There’s also the aji crystal, which has a pineapple flavor and can be spicy, but they’re usually harvested and used while slightly immature to keep them mild. These chiles are often sautéed with garlic, salt, black pepper and oil to make pebre salsa, or are served with bread and butter at restaurants. “It tastes like a very spicy pineapple. “[They are] very fruity,” said Pachence. “A lot of these serrano family of peppers have some unusual fruity qualities.”

Gochujang, the versatile Korean red pepper paste, is still on the rise, too, on trend with international flavors. “People are looking for this kind of flavor profile. I think gochujang still has a chance of being the next sriracha,” said Pachence. The paste provides a powerful kick, and the fermentation process used to make it adds complexity and earthy flavors. The pepper for which the paste is named, the Korean gochu, is sweet and provides a savory-sweet interplay of flavors for rice dishes, salads, stews and meat marinades.

The hot sauce market has grown more than 150 percent since 2000, according to Euromonitor data graphed by Quartz Magazine, but consumers want new flavors to try as this market expands, and they aren’t merely seeking more heat. “Some people say they don’t like hot foods. If they understand the flavor profile isn’t about burning their mouth, that works,” said Pachence. “You have to run the gamut a little bit. Some people like higher spice, some don’t. I think the ghost pepper type of burn-your-mouth is a novelty item and it’s usually bought for someone’s birthday as a goof, rather than a culinary experience. People are now turning that around and wanting the culinary experience. They want unusual flavors, they want things to pop. The finest restaurants are the ones that, you’ll have a sauce, and the sauce is so intensely flavored — not spicy, not hot, just intense. We find the consumers are interested in that.”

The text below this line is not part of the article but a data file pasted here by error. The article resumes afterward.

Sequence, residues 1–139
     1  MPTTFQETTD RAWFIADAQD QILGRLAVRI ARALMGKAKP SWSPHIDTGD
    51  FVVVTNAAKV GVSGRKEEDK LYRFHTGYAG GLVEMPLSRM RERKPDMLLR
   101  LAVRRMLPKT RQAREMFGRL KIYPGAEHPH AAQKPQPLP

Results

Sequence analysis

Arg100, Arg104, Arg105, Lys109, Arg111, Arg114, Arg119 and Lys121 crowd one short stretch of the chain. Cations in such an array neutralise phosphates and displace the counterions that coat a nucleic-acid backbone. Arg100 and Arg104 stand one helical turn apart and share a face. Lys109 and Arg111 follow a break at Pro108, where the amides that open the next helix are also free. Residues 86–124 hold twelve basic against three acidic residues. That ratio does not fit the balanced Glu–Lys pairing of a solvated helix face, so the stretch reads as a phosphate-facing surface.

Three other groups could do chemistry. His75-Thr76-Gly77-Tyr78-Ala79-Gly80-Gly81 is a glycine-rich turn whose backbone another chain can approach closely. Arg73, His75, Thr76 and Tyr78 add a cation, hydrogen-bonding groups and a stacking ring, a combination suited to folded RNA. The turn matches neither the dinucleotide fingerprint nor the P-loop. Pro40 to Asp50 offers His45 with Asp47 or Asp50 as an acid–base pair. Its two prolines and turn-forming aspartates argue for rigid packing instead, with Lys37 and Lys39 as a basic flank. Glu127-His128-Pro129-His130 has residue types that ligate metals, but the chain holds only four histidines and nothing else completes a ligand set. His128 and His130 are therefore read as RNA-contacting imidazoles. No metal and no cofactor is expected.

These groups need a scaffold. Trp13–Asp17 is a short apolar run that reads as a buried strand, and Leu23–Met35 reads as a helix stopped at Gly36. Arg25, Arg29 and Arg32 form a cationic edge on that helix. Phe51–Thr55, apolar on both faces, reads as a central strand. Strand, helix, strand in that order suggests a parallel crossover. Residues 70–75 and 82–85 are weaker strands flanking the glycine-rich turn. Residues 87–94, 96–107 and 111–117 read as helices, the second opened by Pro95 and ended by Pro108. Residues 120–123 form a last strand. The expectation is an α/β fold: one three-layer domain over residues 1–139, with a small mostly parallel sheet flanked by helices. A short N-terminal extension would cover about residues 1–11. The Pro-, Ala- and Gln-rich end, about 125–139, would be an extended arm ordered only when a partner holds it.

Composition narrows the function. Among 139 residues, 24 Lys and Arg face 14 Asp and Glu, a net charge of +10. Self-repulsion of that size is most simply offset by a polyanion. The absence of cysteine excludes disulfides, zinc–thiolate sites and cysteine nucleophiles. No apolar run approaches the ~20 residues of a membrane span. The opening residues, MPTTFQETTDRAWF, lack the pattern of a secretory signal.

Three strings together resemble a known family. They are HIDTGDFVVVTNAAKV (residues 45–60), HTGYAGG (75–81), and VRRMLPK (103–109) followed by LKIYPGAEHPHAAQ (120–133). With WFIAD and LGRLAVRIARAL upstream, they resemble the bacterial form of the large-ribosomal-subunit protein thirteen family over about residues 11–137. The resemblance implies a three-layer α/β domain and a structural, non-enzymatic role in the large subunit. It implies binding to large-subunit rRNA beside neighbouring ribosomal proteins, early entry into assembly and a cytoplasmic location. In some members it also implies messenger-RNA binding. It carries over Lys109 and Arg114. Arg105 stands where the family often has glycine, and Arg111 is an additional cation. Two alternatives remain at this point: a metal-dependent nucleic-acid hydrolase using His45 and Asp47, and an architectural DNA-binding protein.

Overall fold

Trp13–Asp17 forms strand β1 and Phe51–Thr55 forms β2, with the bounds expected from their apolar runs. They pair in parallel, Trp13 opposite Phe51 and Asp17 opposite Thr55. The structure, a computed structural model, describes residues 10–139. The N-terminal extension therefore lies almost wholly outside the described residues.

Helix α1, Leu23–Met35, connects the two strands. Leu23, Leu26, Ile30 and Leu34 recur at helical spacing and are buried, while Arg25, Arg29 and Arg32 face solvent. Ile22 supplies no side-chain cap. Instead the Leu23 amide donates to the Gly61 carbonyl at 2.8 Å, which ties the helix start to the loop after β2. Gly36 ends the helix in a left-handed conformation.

Go to websites like or, and you’ll see hundreds or even a thousand different peppers available. Many of them are purely for novelty, rather than regular use at home or in restaurants. “They’ll be so strange, so hot, you have no reason to grow them or eat them,” Pachence said, referring to one of the sites. “This site has six varieties of the ghost pepper. Those things are inedible, there’s no reason they should exist except to torture somebody.” So rather than throw darts at a board of pepper names, Pachence recommended that people familiarize themselves with peppers by making pastes with store-bought dried Mexican peppers. “Then you get an idea of the subtle differences between those Mexican peppers, and why moles are so complex — some moles call for five to 10 different dry pepper types.” He also said to look for seasonal varieties at local markets, and to pick out several from different heat levels. “It’s like fine wine; you’re trying to pick out the subtleties of the peppers. Is this fruity? Does this taste more like a green bell pepper that has its own funky umami to it? Start picking those up, and think about what they match with. Treat it like a wine tasting, think about how the flavors combine with other ingredients.”